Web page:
Police prepare to crack down on drinking, drugs during prom
Local police are urging Battle Mountain High School prom-goers to have the time of their lives this weekend – so long as they don’t make alcohol and drugs a part of the party equation.
This weekend kicks off the high school party season with Battle Mountain’s prom Saturday, Eagle Valley High’s prom on May 8 and commencement ceremonies for Red Canyon, Battle Mountain and Eagle Valley high on May 28 and 29.
Law enforcement agencies throughout Eagle County will be increasing patrols during local high school prom and graduation weekends to help ensure the safety of students attending the activities.
Commander Joe Russell of the Vail Police Department, who has organized the effort, says the additional presence is intended to prevent teens from and driving under the influence.
“We want the kids in our community to move on to their next life adventure without the worry of making a poor decision that could affect them for the reminder of their lives,” he said.
That concern is extended to parents as well. According to Russell, some parents in the sponsor parties and provide alcohol for kids under adult supervision, thinking they’re reducing the likelihood of an accident by taking the car keys from the kids.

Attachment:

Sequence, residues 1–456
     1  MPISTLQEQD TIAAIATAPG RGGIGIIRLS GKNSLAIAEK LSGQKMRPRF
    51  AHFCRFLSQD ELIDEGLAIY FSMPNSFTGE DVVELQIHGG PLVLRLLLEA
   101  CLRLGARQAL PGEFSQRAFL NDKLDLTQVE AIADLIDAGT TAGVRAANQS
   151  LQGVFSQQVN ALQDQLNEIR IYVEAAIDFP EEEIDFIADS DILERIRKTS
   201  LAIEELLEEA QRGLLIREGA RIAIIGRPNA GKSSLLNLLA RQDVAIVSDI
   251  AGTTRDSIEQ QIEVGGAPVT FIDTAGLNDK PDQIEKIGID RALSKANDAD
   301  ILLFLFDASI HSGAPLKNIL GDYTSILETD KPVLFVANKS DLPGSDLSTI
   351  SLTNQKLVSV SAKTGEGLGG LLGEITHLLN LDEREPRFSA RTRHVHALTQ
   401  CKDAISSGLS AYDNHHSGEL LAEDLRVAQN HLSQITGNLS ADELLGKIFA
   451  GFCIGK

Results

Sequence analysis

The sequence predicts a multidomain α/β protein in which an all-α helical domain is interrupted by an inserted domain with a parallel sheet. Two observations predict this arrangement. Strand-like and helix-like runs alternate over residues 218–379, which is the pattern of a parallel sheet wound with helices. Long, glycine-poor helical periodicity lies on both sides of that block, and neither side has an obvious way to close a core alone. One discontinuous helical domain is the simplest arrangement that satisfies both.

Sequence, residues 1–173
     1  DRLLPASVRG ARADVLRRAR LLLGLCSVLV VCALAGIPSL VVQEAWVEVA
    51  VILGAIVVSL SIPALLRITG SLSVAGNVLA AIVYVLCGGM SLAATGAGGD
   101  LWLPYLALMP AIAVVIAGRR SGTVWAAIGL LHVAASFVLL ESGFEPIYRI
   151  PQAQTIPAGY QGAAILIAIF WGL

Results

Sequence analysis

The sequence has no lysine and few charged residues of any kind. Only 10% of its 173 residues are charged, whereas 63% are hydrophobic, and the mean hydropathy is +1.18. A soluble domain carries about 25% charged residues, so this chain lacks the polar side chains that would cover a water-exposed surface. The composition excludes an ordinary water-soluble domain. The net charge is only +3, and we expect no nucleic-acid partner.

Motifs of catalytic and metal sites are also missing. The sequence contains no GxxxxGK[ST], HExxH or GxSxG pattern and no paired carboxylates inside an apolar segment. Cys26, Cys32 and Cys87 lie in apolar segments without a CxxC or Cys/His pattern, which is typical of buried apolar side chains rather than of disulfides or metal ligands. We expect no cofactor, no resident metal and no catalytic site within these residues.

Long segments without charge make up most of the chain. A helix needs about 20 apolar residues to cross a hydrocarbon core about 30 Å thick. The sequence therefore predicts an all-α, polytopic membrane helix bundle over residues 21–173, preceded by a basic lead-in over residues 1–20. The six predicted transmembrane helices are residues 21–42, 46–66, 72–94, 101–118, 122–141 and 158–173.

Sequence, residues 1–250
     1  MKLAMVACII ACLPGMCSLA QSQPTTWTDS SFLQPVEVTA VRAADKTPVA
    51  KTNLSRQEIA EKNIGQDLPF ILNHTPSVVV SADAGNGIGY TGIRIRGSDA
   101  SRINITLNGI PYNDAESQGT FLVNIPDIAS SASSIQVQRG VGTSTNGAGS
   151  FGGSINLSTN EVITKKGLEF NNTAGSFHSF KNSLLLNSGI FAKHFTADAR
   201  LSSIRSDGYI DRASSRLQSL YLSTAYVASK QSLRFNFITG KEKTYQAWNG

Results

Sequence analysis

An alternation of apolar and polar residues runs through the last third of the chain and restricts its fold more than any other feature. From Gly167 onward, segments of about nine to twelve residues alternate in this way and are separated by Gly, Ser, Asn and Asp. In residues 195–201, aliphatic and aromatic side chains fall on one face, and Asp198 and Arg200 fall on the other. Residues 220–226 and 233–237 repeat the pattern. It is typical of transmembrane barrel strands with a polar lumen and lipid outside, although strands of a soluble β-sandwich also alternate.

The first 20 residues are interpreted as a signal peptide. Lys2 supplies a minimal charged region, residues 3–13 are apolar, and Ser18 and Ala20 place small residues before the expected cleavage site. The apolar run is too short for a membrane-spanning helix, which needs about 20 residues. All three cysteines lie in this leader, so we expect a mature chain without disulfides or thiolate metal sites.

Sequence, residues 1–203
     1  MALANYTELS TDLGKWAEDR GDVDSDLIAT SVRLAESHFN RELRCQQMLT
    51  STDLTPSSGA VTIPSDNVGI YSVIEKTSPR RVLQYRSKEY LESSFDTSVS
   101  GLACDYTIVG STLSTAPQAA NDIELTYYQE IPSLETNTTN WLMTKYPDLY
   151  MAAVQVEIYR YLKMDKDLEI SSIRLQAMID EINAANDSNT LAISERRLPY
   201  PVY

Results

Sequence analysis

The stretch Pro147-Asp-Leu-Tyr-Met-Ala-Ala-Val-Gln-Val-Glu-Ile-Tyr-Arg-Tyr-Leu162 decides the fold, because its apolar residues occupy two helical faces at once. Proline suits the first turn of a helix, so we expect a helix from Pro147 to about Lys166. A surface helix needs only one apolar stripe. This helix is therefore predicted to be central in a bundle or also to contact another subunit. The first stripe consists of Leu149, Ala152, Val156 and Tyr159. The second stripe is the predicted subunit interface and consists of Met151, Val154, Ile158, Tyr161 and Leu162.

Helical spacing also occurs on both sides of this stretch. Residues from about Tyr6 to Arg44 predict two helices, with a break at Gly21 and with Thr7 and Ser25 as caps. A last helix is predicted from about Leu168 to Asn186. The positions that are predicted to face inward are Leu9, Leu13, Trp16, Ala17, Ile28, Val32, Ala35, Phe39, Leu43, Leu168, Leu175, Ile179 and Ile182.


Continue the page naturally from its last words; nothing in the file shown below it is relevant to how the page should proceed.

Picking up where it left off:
“In actuality, it is illegal to provide an underage person with alcohol, unless a parent is there to supervise his or her own child,” Russell said. “In addition to being illegal, the civil liability for parents who provide this type of illegal activity for underage teens is alarmingly high.”
A 2001 survey sponsored by the Eagle River Youth Coalition found underage drinking among Eagle County high school students to be higher than the national and state averages in many categories. Since then, efforts have been expanded to include additional research on youth-related alcohol and substance abuse, plus counseling programs, an ad campaign to raise community awareness and consistent enforcement efforts by local authorities.
Saturday’s enforcement activities will include a zero-tolerance approach by participating police, with citations issued for underage drinking and other violations, Russell said.
“We’re asking parents to talk with their kids about their expectations, to set limits for their children and, most importantly, to know where they are and who they’re with.”